Many Myths Surround Teachings of Freud

Many Myths Surround Teachings of Freud

Pioneer in Psychoanalysis Quick to Find Results from Hypnotism Weren't Lasting

by Art Coulter, M.D.

SIGMUND FREUD (1856-1939) was a Viennese physician who enjoys the dubious distinction of being one of the most misunderstood men of our times. He was a great pioneer in the study of the depths of human personality.

A supremely honest man, he had the courage to report objectively what he observed without fear or favor. Since most persons do not like to face the truth about themselves, Freud was ostracised for more than a decade, and even today, many myths exist and flourish about what he said and taught. Of parenthetic interest may be that he is reported to have had perfect eidetic recall.

The purpose of this series of articles is to present some of the more important ideas and techniques introduced by Freud, for the following reasons:

1. Those who prefer self-honesty to self-deception may be interested in trying some of these techniques to see for themselves the phenomena reported by Freud.

2. I personally have found a study of Freud's original writings extremely rewarding, and feel others may likewise. There are several excellent sources*.

3. Psychoanalysis is one of the leading schools in the field of integration, and any worker in that field owes it to himself to have a first hand knowledge of it.

4. In Synergetics, we are finding by entirely different techniques phenomena that are strikingly similar to those reported by Freud. We are encountering other phenomena as well, but his great pioneer work makes ours easier. The continued development of psychoanalysis by his brilliant co-workers is also helpful.

This article will give a brief historical survey and description of psychoanalytical technique. Subsequent articles will deal with sex, the interpretation of dreams, and the superego.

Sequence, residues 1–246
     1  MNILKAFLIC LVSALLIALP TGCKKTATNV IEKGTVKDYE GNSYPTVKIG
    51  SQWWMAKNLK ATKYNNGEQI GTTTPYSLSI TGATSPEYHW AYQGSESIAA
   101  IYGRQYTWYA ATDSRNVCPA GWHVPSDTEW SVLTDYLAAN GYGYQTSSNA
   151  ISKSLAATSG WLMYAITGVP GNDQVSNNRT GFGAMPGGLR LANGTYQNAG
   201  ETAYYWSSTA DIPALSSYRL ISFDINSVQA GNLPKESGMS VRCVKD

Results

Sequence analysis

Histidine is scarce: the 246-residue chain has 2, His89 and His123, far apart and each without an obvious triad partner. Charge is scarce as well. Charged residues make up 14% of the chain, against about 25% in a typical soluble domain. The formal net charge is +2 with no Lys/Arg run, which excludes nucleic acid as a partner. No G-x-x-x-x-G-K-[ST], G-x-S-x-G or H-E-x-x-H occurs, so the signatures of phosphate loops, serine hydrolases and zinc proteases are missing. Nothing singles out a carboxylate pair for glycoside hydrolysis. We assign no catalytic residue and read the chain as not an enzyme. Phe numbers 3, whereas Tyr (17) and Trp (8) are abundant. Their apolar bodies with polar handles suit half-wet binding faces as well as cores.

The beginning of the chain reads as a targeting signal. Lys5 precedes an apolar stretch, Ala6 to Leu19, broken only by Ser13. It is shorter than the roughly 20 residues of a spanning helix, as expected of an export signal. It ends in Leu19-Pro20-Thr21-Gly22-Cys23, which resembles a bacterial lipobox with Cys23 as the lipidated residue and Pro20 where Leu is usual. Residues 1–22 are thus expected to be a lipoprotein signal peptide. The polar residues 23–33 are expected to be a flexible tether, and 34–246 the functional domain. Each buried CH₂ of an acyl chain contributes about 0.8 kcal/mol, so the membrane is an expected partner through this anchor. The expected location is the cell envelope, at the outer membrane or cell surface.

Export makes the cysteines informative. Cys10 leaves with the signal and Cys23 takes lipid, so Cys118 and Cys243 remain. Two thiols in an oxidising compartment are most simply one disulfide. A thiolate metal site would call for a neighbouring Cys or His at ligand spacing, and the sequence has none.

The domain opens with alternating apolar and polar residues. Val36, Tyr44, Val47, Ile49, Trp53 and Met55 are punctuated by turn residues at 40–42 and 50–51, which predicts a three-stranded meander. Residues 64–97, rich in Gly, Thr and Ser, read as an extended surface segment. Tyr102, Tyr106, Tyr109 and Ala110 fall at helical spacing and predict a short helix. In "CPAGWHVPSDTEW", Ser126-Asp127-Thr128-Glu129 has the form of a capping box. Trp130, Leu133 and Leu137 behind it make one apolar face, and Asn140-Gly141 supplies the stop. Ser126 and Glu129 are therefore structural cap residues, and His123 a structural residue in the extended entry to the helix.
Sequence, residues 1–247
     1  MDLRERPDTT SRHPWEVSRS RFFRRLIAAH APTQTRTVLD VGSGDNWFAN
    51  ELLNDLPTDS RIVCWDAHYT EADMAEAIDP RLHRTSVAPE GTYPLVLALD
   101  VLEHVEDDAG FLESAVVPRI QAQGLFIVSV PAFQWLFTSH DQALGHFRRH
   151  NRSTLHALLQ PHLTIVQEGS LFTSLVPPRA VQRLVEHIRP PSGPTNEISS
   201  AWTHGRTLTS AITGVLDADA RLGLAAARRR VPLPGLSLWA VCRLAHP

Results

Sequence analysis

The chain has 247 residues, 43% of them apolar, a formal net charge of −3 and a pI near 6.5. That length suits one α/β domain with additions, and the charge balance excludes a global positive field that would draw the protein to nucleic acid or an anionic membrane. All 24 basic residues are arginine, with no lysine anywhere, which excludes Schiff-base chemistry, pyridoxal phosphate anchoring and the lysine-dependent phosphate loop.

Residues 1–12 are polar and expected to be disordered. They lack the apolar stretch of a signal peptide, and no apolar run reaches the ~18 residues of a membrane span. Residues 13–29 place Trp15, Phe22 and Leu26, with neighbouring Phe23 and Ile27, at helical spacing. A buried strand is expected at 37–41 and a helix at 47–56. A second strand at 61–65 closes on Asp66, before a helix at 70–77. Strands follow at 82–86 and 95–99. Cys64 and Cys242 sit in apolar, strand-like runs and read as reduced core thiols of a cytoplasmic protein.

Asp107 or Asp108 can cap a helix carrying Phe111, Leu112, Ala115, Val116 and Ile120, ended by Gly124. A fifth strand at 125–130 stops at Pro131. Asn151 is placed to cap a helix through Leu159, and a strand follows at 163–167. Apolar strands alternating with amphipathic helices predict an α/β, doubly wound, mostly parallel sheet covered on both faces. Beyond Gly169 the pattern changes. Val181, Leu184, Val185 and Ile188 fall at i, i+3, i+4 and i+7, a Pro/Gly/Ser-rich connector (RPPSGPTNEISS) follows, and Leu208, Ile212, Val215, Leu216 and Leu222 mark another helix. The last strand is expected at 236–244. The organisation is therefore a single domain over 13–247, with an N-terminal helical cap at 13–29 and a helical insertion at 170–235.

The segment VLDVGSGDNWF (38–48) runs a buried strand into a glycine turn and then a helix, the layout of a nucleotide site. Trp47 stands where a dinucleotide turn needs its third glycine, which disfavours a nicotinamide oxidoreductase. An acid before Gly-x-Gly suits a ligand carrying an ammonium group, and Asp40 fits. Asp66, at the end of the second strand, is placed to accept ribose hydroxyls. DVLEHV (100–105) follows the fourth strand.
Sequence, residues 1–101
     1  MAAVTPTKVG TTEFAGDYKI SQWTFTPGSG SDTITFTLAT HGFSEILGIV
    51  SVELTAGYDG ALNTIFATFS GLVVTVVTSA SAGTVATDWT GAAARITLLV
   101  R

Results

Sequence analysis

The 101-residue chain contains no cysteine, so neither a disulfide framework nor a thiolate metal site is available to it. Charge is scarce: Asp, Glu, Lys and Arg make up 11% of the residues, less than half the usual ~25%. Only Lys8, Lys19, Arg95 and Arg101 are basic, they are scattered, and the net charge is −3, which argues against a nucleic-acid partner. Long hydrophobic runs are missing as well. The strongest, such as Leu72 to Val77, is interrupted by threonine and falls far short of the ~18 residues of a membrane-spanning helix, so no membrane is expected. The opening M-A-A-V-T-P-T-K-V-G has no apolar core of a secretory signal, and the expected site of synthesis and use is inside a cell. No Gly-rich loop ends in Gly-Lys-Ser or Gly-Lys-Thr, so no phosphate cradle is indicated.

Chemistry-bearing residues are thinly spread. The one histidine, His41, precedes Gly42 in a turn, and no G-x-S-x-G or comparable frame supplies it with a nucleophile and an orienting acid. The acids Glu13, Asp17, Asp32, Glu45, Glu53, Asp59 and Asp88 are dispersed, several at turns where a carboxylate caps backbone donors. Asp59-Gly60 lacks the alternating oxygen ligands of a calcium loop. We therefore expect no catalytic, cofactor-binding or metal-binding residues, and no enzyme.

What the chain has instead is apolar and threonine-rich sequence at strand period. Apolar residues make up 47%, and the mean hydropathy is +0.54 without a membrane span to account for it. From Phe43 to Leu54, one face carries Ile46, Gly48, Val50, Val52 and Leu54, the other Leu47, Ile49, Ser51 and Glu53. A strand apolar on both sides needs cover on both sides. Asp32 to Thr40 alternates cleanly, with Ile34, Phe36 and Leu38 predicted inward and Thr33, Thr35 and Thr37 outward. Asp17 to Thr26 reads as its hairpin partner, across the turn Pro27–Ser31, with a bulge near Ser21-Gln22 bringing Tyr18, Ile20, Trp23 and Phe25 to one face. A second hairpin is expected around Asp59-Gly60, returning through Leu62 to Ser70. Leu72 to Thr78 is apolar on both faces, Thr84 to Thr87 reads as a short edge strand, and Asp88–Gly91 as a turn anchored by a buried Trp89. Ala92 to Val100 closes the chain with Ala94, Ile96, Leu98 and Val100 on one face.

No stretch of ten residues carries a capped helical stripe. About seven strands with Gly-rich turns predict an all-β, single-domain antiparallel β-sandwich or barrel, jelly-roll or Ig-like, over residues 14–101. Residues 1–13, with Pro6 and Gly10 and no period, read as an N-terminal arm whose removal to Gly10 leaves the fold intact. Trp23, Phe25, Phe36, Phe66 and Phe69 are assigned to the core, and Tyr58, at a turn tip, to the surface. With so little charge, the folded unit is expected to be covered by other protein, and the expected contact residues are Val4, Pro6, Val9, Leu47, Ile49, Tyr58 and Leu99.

Freud began his work at a time when hypnosis was in vogue as a treatment for mental illness. Freud's teacher, the great French neurologist, Jean Charcot, had earlier shown that hypnotism was not a hoax, but a genuine phenomenon. Soon thereafter, incredible cures of all kinds of mental disorders were being reported. Gradually it became apparent that these cures did not last, but with this background, it is not surprising that Freud began his work using hypnosis.

Freud first worked with another Viennese physician, Dr. J. Breuer, who had earlier developed a technique for placing a patient under hypnosis, and "returning" him to an early painful experience he did not recall when fully conscious. In a paper published in 1893, they reported being able to trace "the most varied symptoms" back to an "exciting trauma", often occurring in early childhood. Such things as anesthesials, neuralgias, contractures, paralyses, attacks which inexperiencedobservers mistook for epilepsy, chronic vomiting, visual disturbances, tics, etc., could be treated in this way.

They also discovered that "at first, to our own great surprise,...when we had succeeded in bringing the exciting event to clear recollection, and had also succeeded in arousing with it the accompanying affect, and when the patient had related the occurrence in as detailed a manner as possible and had expressed his feelings in regard to it in words, the various hysterical symptoms disappeared at once, never to return. Recollection without affect is nearly always quite ineffective; the original psychical process must be repeated as vividly as possible, brought into statum nascendi and then 'talked out'. In the case of ... contractures, neuralgias, and hallucinations -- the symptoms appear again during this repetition in full intensity and then disappear forever." From this, they con-

"A General Introduction to Psychoanalysis." Sigmund Freud. Garden City Publishing Co.

"The Basic Writings of Sigmund Freud." Modern Library Giant.

"The Collected Writings of Sigmund Freud." Five volumes. Hogarth Press. -- A.C.